month. More than 10,000 baby boomers, those of us born between 1946 and 1964, turn 65 daily in America. Many of them view retirement as an opportunity to begin Act II of their lives. Many volunteer time to important services and projects, while others pursue second careers or begin businesses. For seniors, the demographics are encouraging. In 1980, less than 15 percent of America’s workforce was comprised of workers 55 and over. Today, about a fifth of all American workers are seniors. And for many of those workers, including me, the momentous birthday only reminds there are tons of things left to achieve. It’s the chance to continue a lifetime of learning and an opportunity to still grow in our professions. Fortunately, I chose a profession where the heaviest thing I lift is a camera. It’s also a career that has taught me the best stories are still sitting out there, untold, and the best photos are waiting with the next assignment. I feel no less excitement for those pursuits than I did at age 25. With more than six and a half decades on this planet, I suppose one of the most important things I confirmed is that there is much more remaining to be learned than has been learned — if that makes sense. As a senior citizen, I also realize that if orange is the new black, then 65 is the new 50. To the 10,000 future fellow Americans who will take the big step tomorrow, and the ones who will join them each and every day following, Enjoy!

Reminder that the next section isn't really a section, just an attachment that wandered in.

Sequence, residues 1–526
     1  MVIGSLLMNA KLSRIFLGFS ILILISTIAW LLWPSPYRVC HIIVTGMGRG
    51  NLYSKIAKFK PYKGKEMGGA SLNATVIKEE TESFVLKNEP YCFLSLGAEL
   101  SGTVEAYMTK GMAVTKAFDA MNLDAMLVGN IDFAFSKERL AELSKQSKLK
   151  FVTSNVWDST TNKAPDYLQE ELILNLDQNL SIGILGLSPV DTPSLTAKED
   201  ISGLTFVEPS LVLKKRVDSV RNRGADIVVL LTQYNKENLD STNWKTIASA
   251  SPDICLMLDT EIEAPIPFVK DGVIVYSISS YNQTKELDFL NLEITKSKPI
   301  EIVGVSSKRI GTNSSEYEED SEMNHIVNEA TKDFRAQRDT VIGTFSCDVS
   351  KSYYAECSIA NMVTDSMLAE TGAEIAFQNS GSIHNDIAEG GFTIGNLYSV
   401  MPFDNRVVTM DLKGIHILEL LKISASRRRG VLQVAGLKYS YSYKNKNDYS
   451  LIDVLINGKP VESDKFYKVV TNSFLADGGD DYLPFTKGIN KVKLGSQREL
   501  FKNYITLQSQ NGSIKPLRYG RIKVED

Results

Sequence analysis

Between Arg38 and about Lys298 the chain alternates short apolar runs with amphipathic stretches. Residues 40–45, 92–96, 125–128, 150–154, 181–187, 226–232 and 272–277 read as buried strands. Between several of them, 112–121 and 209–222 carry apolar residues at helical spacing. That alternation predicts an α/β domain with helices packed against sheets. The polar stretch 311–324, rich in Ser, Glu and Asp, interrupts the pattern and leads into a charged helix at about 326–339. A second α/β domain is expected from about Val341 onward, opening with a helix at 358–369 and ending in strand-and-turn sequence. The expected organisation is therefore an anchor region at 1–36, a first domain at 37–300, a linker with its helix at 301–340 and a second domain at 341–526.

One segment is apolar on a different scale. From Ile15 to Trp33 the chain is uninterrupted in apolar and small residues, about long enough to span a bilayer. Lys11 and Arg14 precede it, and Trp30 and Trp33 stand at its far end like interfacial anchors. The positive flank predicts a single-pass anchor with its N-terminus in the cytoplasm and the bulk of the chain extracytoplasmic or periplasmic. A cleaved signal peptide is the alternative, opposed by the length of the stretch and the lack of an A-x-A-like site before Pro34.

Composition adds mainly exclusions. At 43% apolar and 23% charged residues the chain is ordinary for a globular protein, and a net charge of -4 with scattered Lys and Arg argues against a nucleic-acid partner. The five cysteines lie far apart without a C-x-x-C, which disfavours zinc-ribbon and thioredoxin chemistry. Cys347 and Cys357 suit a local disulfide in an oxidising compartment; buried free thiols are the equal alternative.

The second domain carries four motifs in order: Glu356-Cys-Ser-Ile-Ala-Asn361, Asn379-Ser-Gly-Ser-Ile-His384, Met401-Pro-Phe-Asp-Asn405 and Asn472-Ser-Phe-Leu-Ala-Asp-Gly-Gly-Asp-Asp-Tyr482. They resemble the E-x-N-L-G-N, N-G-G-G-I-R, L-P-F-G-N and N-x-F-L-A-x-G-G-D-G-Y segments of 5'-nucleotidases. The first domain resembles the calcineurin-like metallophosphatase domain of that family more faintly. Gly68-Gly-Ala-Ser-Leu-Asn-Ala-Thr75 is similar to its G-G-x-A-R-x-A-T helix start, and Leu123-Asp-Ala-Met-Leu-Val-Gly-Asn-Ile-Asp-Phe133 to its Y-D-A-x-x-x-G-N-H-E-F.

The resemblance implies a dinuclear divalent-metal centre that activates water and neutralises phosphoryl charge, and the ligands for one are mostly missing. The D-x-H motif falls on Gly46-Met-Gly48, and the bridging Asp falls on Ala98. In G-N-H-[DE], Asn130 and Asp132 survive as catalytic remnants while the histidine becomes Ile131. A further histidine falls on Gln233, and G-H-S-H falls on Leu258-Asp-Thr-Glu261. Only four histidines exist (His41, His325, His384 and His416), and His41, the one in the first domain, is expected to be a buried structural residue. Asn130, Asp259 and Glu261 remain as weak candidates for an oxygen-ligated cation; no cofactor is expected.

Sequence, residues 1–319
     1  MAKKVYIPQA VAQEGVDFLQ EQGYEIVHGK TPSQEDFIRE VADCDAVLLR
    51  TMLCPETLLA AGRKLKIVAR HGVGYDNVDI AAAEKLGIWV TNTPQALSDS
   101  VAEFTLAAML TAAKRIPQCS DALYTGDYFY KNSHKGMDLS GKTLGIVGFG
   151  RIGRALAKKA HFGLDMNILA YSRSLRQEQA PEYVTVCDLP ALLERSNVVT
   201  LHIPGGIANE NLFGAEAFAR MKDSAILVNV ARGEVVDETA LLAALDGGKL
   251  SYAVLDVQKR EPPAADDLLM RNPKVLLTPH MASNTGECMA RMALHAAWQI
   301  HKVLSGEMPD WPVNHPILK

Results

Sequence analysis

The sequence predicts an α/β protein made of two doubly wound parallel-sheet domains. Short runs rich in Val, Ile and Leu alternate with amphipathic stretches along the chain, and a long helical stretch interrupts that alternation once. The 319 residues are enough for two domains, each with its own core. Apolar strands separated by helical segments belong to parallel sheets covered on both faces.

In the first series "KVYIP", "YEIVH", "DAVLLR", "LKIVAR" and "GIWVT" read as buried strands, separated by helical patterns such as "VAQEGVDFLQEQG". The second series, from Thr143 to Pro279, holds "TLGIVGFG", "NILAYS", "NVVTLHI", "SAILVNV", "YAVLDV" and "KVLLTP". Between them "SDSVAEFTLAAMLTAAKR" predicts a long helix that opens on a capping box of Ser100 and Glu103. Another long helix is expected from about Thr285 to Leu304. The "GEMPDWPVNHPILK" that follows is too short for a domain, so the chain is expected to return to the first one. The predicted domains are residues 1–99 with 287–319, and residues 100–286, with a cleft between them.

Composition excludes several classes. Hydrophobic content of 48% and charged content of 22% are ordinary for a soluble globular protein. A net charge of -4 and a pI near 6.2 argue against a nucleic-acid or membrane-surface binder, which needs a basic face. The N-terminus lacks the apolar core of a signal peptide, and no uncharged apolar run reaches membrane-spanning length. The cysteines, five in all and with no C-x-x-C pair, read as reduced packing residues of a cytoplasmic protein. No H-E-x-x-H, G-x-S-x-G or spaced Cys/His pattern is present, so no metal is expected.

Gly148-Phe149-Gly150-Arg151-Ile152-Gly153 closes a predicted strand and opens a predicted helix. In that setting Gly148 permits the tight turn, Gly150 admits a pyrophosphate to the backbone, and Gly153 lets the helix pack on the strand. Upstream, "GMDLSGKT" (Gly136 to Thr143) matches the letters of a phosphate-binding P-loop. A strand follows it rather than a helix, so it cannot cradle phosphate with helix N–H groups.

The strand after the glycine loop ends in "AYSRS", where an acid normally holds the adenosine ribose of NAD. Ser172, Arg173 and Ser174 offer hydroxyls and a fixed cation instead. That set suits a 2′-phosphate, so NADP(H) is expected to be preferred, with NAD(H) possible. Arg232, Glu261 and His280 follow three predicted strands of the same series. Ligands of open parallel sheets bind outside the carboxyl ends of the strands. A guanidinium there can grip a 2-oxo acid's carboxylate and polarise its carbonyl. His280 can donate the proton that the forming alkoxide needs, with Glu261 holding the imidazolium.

LETTERS | Reader Views

Taxes should be fair for everyone in the nation First let me say I’m not suprised by what is happening in Washington, D.C. -- 98.5% of all votes are based on party lines, what is in their own interest, and to do what is needed to “keep” their job instead of “doing” their job, which is doing what is fair for all the people. I think taxes should be fair for everyone, the same percentage for everyone and, instead of refunds, the country keep the money. I’ve heard that the government refunds more than they take in. If you make $50,000 or more, you are taxed 33%, 10% federal government, 7% state government, 6% local government and 5% social security and Medicare. Under $50,000, social security benefit/retirement, other retirement plans and saving accounts you are taxed 25%, 5% federal government, state government, local gov-

ernment, social security and Medicare. No refund, no see LETTERS, pg. 7 

Letters to the Editor The Local welcomes signedEditor letters to the Letters toyourthe editor on topics of interest to Mechanicsville residents. Letters include your address andto The Hanover Local must welcomes your signed letters a daytime telephone WeHanover reserveresidents. the right the editor on topics ofnumber. interest to to editmust letters. We do notaddress guarantee every Letters include your andthat a daytime letter received willWe be reserve published. the telephone number. theLetters right to reflect edit letters. opinions and positions the writers and notwill Thebe We do not guarantee thatof every letter received Mechanicsville Local. and positions published. Letters reflect the opinions of the writers and not The Hanover Local. Send letters to: The Hanover Local, 8460 Times-Dispatch Blvd. Send letters to: Mechanicsville, Va. 23116. The Hanover Local, 8460 Times-Dispatch Blvd. Mechanicsville, Va. 23116. Fax: 730-0476 Fax: 730-0476 E-mail: editor@mechlocal.com E-mail: editor@mechlocal.com


First Lego Star Wars Brunch planned for Aug. 30 in Ashland Staff Report news@mechlocal.com ASHLAND -- Tiny Tim’s Toys and Ashland Coffee and Tea will present the first Lego Star Wars Brunch Event from 1 to 4 p.m. Sunday, Aug. 30, at 100 N. Railroad Ave. in Ashland.

deduction, no write-off and no matter where you bank your money you have to pay taxes. If a business or person hires illegal immigrants they are required to pay the taxes for those people Edwin Taylor Mechanicsville